For most Americans, day-to-day financial concerns are paramount—and longer-term issues receive less focus, according to the TIAA 2022 “Financial Wellness Survey.”
When asked about their definition of financial wellness, Americans rank “having the means to take care of your family and others” (53%), “not worrying about money or debts” (51%), and “feeling protected financially from life’s unexpected events” (51%), well ahead of retirement financial security (36%). They also rank the “ability to pay monthly bills without difficulty” (38%) and “having a reliable source of income” (38%) ahead of being on track with retirement savings (16%) when asked about their current priorities for securing financial wellness.
The TIAA survey also found that most people don’t think about their retirement planning when considering their financial wellness. Still, 57% of respondents are interested in learning more about effective retirement planning, along with other key topics, through an employer financial wellness program.
“It’s hard for employees to focus on their retirement when there are more immediate pressing needs,” says Snezana Zlatar, senior managing director and head of financial wellness advice and innovation at TIAA. “The most impactful financial wellness programs help address both short-term and long-term goals since they are linked together.”
Employees who have participated in a wellness program are twice as likely to have a high financial wellness rating than those who are not offered resources or who do not participate (32% vs. 15%), according to the survey. They also are much more confident about their progress on key markers of good retirement planning, such as being able to retire when they want to (54% vs. 32%), afford the retirement lifestyle they want (54% vs. 29%), and live comfortably in retirement without running out of money (50% vs. 29%).
Fifty-five percent of employees report they are offered employer assistance on financial wellness as either a standalone resource or as part of a financial wellness program. Employees report being offered help with retirement saving more so than being offered help with shorter-term financial needs.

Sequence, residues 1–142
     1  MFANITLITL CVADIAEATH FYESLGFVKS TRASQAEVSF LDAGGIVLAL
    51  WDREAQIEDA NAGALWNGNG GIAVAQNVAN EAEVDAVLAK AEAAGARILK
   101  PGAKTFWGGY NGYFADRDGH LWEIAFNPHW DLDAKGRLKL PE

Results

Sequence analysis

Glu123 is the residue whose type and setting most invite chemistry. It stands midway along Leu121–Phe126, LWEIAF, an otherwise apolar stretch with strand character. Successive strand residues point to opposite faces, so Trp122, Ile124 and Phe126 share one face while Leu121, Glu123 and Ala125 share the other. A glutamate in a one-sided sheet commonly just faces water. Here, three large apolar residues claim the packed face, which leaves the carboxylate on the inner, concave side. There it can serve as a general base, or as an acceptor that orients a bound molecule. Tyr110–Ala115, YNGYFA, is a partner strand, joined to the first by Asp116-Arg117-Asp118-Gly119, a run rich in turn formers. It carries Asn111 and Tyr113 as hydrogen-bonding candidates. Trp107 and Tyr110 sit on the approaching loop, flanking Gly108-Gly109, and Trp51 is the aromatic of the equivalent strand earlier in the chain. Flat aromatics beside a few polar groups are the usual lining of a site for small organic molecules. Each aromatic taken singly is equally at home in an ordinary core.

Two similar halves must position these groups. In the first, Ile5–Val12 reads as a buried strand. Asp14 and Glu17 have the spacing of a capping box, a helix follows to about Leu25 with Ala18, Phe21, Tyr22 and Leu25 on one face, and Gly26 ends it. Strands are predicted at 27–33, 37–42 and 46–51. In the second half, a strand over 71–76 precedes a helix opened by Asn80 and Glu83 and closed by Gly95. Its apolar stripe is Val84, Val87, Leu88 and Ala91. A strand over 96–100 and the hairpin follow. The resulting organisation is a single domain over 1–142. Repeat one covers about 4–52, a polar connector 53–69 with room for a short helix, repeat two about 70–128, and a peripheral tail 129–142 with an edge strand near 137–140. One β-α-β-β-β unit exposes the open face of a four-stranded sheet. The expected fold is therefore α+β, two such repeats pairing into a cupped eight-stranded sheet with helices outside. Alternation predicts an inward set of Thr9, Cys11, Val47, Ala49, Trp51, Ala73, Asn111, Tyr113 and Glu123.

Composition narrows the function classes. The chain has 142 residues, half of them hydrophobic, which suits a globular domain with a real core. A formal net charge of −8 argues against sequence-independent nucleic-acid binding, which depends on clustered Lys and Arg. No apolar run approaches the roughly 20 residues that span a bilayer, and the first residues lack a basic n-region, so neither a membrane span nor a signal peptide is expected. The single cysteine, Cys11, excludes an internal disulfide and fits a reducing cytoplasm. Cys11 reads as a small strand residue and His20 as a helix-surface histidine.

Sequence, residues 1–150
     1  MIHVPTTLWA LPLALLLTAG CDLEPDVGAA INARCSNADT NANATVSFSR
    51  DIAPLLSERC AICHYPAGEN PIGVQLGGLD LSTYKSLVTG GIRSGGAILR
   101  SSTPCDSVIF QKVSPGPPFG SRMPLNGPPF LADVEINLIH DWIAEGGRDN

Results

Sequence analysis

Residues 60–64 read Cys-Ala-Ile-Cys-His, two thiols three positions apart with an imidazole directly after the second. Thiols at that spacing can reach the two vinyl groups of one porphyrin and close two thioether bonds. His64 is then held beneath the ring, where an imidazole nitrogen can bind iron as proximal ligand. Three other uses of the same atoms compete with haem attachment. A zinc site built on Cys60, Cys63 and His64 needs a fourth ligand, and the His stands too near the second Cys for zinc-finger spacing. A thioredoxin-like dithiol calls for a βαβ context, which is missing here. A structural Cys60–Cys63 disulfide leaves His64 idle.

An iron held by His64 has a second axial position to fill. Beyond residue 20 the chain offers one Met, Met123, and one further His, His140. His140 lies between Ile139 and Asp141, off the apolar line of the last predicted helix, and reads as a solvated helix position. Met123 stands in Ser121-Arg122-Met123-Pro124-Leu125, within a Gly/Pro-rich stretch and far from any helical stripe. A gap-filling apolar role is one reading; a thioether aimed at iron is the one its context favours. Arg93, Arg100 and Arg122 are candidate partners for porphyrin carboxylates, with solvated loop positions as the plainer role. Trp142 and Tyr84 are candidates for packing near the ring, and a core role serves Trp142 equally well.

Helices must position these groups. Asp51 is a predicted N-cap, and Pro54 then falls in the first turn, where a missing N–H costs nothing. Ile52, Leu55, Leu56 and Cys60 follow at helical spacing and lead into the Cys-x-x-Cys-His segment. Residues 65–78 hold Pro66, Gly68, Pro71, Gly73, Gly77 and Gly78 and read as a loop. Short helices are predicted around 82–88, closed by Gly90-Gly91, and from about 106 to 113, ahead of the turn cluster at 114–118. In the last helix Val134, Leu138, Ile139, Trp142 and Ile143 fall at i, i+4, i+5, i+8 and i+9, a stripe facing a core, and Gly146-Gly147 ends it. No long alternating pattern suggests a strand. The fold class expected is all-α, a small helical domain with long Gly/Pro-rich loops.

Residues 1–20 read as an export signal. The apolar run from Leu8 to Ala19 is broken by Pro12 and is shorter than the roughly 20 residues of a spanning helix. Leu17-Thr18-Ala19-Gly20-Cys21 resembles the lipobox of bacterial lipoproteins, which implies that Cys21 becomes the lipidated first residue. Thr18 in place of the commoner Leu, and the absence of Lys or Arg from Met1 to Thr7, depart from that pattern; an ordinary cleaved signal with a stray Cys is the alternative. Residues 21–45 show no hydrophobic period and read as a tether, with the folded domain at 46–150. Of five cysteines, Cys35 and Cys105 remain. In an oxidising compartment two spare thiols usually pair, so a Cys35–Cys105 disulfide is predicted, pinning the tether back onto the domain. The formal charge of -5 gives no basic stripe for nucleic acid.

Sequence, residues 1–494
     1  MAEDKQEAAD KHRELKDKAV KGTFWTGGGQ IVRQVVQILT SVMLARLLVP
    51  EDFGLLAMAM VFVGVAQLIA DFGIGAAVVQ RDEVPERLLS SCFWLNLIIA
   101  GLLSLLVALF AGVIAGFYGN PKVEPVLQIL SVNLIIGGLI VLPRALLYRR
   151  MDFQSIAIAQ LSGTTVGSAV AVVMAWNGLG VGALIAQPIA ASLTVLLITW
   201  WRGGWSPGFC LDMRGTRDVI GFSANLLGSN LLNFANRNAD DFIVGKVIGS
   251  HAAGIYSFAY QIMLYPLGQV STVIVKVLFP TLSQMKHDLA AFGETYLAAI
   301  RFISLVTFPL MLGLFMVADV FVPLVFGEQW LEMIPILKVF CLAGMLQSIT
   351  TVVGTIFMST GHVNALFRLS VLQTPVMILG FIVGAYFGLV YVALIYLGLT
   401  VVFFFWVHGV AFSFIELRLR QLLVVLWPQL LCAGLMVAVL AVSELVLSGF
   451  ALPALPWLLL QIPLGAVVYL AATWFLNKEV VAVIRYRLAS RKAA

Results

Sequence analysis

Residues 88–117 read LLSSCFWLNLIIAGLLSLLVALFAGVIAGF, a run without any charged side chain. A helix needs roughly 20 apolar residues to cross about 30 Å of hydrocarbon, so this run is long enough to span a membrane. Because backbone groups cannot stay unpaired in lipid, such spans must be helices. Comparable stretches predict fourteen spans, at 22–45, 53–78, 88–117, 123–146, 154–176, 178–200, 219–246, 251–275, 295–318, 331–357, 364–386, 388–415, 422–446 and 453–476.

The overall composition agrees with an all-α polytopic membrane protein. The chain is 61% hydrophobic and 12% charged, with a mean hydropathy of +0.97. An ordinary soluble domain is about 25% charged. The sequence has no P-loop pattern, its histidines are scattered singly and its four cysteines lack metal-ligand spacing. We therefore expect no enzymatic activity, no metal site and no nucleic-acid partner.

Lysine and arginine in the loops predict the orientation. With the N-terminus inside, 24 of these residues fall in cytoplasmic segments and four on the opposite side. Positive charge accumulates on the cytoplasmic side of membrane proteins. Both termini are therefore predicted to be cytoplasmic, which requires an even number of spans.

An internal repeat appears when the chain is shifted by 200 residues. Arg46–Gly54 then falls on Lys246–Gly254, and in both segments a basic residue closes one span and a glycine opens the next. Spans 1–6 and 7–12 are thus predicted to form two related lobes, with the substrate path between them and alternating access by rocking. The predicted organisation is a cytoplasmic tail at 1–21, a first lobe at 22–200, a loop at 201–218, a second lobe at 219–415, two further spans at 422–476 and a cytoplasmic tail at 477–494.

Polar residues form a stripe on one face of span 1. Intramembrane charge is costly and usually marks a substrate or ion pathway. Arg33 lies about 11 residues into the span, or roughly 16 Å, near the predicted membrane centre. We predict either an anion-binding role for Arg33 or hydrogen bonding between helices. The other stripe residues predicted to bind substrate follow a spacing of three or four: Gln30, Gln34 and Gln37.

However, even when offered, the rate of utilization of financial wellness help is lacking. For example, 14% of respondents report they are offered resources at work for building an emergency savings fund, while only 7% indicate they use the help. Thirteen percent say they are offered resources for debt management/coaching, but only 4% use them.
Barriers to engaging with financial wellness program cited by employees included:
- Worried about hidden costs or fees – 27%;
- Don’t want to disclose finances/issues to employer – 25%;
- Wouldn’t be as effective as offerings you could find on own – 20%;
- Don’t think offerings would make a difference – 17%;
- Not confident about knowing where to go for help – 17%;
- Offerings do not address specific needs or situation – 15%; and
- Don’t trust employer – 8%.
“While there are many perceived barriers preventing employees from taking advantage of the financial wellness programs offered by their employers, these impediments can be mitigated through targeted, ongoing education about the benefits these programs offer,” Zlatar says.
She adds that with five generations in the workforce, employees are more diverse than ever before and their needs are multifaceted, so it’s important to ensure financial wellness plans are customizable and easy to understand.
“Whether employees are interested in guaranteed income for life or help managing their federal student loans, we’ve seen that increased flexibility in benefits, more financial education and personalized advice ultimately lead to better outcomes and increased feelings of financial wellness,” Zlatar says.
The TIAA “Financial Wellness Survey” was conducted online from October 22 to November 3, surveying 3,008 Americans ages 18 and older on a broad range of financial management issues and topics.